For Major League Baseball pitchers, the 100-pitch threshold is a scary thing. Once they enter the land beyond 100 pitches, all bets are off.
That's the general perception, anyway. But as far as performance is concerned, the land beyond 100 pitches really isn't so scary.
There's a conclusion, but what got me going were questions: How do pitchers perform immediately after 100 pitches compared to immediately before 100 pitches? Is there any sort of fluctuation in performance between the 76-100 pitch territory and the 101-plus territory?
It turns out that there is, but not the bad kind of fluctuation. All I needed to do to find that out was go to Baseball-Reference.com and take a look at:
- League pitch count splits from the five most recent full seasons: 2008, 2009, 2010, 2011 and 2012.
- A collection of pitchers who surpassed the 100-pitch threshold most often between 2008 and 2012.
If you'll follow me this way, we'll have a discussion that involves me throwing some words and numbers at the wall and you hopefully nodding your head in fascination.
What the League Splits Say
Why start the search for information in 2008?
A couple reasons.
Provided you've been paying attention, you'll know that the whole pitch count fuss is a relatively recent phenomenon. ESPN's Tim Kurkjian crunched the numbers a couple years ago and found that 96-105 pitch starts saw a huge increase in regularity starting in 2000. It wasn't until 2004 that the numbers started to level out.
So, by focusing on the 2008-2012 window, we're focusing on a period of time that's safely beyond the adjustment period. This five-year window should consist of pitchers who knew how to handle pitch counts, which would surely involve them knowing how to handle themselves after 100 pitches.
In addition, the 2008-2012 window is safely removed from the Steroid Era. Pitchers were fighting a fair fight, meaning the likelihood of them being successful deeper into games should have increased.
With the league splits we're about to look at, we can't define "successful" using everyone's favorite pitching stats: ERA and WHIP. Baseball-Reference.com doesn't include them in its pitch count splits. That's not surprising, seeing as how those are innings-based stats.
The best we can do is look at some key performance indicators: strikeout rate, walk rate, strikeout-to-walk ratio, opponent OPS and, just for good measure even though it's largely a luck-based statistic, BABIP.
The first three can give us a general idea of how sharp pitchers were, and the latter two can give us a general idea of how successful or unsuccessful the hitters were.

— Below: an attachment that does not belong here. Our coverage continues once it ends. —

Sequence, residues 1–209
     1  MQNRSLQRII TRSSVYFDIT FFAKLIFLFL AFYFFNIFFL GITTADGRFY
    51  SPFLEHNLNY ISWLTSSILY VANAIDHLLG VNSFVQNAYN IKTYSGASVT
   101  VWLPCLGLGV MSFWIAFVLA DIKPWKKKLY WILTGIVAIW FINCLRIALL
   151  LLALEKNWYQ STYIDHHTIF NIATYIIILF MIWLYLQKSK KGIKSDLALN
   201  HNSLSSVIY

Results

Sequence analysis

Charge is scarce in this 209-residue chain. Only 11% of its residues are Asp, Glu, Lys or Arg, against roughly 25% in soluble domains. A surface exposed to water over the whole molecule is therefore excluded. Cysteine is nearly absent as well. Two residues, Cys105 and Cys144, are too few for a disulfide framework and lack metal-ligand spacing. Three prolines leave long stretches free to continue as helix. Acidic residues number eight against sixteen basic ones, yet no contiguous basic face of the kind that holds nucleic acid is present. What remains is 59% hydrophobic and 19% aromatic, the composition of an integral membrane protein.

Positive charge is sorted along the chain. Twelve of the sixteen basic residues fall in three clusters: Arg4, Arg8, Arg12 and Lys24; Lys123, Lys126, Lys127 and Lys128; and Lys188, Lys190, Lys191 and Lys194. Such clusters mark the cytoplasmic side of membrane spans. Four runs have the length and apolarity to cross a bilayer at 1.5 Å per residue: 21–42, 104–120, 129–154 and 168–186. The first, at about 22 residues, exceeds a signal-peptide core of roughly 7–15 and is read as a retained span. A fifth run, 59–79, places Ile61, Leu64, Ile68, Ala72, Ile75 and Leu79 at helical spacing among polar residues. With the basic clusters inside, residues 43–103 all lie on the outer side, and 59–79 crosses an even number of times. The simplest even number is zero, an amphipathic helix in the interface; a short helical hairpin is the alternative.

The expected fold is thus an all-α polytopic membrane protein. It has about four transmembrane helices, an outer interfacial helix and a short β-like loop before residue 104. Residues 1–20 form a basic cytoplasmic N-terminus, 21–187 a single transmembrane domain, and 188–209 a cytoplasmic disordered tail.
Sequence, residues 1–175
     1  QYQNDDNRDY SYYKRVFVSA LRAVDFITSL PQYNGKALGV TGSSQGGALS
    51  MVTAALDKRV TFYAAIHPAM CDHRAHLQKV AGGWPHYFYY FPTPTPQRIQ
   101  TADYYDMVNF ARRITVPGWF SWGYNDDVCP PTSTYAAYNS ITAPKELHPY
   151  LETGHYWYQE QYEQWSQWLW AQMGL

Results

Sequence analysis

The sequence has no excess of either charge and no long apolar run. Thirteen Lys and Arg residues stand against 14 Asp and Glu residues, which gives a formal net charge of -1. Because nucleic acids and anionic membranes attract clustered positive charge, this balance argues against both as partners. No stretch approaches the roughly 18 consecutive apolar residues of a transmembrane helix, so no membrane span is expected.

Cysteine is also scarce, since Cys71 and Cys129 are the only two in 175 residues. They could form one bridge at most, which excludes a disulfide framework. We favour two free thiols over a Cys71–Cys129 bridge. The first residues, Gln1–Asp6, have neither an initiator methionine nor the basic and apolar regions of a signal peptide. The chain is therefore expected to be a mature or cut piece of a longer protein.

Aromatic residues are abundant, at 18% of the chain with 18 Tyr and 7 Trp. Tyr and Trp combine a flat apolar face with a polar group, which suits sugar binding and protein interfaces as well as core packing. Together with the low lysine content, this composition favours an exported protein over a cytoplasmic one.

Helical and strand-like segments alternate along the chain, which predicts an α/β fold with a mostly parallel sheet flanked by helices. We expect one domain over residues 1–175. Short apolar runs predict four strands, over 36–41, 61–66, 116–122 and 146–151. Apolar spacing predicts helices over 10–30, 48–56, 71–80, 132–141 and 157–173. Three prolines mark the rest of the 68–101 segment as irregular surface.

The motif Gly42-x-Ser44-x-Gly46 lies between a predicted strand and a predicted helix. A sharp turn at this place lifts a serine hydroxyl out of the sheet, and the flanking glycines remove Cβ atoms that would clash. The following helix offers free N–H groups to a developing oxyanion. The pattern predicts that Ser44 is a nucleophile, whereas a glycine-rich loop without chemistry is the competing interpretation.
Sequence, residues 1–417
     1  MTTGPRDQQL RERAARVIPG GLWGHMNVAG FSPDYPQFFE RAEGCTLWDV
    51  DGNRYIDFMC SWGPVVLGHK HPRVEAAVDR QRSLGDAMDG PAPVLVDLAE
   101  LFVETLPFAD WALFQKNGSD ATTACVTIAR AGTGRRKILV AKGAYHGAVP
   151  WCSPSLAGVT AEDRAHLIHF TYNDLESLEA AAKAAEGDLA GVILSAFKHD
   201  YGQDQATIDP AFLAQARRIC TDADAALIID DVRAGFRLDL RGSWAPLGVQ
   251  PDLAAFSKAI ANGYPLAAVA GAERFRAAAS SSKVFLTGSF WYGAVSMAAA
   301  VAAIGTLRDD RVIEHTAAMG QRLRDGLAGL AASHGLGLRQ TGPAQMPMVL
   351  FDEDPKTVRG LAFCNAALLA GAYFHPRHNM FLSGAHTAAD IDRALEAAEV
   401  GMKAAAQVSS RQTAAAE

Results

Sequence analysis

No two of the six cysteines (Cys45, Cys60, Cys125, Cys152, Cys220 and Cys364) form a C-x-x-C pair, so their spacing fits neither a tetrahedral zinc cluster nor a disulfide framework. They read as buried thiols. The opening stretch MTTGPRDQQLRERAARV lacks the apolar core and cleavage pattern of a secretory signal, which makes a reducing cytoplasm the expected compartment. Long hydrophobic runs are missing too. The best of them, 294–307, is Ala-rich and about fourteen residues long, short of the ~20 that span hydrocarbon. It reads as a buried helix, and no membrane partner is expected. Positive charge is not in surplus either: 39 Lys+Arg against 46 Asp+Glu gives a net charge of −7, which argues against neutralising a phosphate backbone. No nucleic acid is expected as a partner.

Here are the gory details:
You can see a couple trends here. One is that pitchers didn't do a better job with walks after 100 pitches than they did in the 76-100 range, which doesn't look so good.
However, walks are certainly more easily overcome when pitchers are striking batters out and the balls in play are finding their way to fielders' gloves. Thanks to those two trends, it's no wonder the opponent OPS after 100 pitches is lower than the opponent OPS in the 76-100 range.
As fascinating as this data is, it's obviously not perfect.
Outings that require more than 100 pitches are going to be good pitching performances more often than not. When a guy goes over 100 pitches and keeps going, it's usually because he's throwing the ball really well.
Pitchers who make it to the 76-100 range don't always make it to the land beyond 100 pitches. A pitcher could be facing a lineup for the second or third time around once he gets to the 76-100 range, and that's when said lineup could figure him out and hang some crooked numbers.
Thus, the 101-plus data is presumably skewed by good performances, and the 76-100 data is presumably skewed by poor performances. On top of that, there were plenty of long relievers who found their way into the 76-100 range between 2008 and 2012.
These are the reasons I wanted to take a deeper dive. Instead of looking at the league as a whole, I wanted to narrow things down a bit to a select few starting pitchers.
What the 100-Pitch Regulars Say
Between 2008 and 2012, there were 73 starting pitchers who logged at least 50 starts that saw them throw 101 or more pitches.
These are the guys I wanted to zoom in on, with the idea to see whether their splits differed from the league splits in any significant way.
To do that, I had to see how they performed after 100 pitches in the starts they made that lasted that long. Then I had to compare those numbers to how they performed in the 76-100 range between 2008 and 2012.
The word of warning here is that not every start these guys made saw them tackle both the 76-100 range and the 101-plus range. The 76-100 data includes starts in which the pitcher in question made it there and no further.
Beyond that, not every "101-plus" effort sees a pitcher throw 115 or 120 pitches. Starts that consisted of 102 or 103 pitches are in the mix.